The role of psychological theory in the training of educational psychologists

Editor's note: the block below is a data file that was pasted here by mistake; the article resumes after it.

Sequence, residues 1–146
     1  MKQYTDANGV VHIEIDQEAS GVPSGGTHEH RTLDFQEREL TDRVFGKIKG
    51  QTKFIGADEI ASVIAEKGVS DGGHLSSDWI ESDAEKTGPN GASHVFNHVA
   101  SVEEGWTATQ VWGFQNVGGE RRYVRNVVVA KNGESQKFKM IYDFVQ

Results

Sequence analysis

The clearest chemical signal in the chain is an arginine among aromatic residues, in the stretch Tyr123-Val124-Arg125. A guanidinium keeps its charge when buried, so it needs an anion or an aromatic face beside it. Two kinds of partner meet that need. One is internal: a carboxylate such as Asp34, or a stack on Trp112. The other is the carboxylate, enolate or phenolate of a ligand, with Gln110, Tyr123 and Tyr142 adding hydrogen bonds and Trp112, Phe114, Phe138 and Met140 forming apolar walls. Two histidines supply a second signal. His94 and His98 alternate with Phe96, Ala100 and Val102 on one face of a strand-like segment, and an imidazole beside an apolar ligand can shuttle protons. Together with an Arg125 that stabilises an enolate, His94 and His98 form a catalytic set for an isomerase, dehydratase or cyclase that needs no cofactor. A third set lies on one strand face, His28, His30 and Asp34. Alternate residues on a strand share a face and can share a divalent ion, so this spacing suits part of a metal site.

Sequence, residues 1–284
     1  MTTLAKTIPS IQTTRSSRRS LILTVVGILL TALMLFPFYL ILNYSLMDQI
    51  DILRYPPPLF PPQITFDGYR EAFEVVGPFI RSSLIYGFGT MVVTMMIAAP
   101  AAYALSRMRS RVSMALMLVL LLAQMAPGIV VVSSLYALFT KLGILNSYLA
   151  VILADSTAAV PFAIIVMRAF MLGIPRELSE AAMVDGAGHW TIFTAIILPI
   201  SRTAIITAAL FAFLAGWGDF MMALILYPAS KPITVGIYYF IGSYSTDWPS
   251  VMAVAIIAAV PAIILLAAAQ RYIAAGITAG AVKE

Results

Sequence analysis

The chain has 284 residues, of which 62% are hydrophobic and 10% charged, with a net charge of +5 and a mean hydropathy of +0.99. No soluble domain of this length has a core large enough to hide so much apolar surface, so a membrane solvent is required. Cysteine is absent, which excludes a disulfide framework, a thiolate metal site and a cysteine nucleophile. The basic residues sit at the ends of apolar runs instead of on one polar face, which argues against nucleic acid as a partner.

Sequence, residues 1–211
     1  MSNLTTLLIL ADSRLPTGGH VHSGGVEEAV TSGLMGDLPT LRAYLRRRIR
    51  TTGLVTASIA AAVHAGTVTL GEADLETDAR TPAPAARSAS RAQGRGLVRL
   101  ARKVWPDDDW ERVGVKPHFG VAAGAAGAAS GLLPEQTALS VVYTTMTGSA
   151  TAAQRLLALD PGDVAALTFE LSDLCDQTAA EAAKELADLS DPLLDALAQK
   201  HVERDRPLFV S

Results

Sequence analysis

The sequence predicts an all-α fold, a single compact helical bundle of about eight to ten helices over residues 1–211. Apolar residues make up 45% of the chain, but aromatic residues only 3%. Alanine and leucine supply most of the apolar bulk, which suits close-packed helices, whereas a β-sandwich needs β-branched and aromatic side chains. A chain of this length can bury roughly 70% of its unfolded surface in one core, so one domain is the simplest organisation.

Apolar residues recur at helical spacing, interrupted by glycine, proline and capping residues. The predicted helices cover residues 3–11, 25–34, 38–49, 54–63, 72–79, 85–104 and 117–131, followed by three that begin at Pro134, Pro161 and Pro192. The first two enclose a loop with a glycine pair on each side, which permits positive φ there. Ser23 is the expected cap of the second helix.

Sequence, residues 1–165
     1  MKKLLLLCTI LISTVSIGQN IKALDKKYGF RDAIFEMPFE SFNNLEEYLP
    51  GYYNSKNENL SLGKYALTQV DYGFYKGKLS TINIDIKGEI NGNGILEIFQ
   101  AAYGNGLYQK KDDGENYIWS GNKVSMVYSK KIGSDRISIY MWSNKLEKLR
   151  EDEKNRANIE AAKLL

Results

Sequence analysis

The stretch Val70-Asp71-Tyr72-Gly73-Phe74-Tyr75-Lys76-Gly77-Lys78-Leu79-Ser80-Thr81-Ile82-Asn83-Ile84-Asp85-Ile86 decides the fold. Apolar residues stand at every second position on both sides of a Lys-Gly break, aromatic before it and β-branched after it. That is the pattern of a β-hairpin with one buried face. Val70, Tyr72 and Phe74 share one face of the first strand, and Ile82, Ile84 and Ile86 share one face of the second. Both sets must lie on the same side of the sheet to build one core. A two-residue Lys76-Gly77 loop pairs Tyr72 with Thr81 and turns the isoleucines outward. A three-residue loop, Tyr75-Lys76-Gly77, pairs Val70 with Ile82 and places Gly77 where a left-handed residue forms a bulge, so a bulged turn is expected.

This thesis looks at the place of psychological theory in the training of educational psychologists, and at the relationship between theory and practice during the training period. Training of educational psychologists in England and Wales consists of a first degree in psychology, followed by teacher qualification and experience, which is followed by a one year Master's degree. Professional psychologists are recognised in the UK through Chartered Psychologist Status of the British Psychological Society, which generally assumes a scientist practitioner model of training and practice. The literature review explores the nature of educational psychology and the question of how far educational psychologists are applied psychologists. It also explores the nature of professional training, including reference to other professions, and some aspects of the theory-practice relationship in professional training. Empirical work consisted of focus group interviews carried out at the end of their Master's year with trainee groups from a sample of the universities, and individual semi-structured interviews of tutors from the same courses. Documentation concerning the courses and training in educational psychology was reviewed and analysed to provide additional information. The data are presented thematically and used to illuminate issues which emerge from the literature. The literature analysis and the data suggest that there are difficulties over the role of psychological theory In the training of educational psychologists, and that there are aspects of their role which make It difficult for educational psychologists to function as applied psychologists. These difficulties may In part be due to the nature and length of the training, and in part due to factors within the profession itself including its position within the LEA.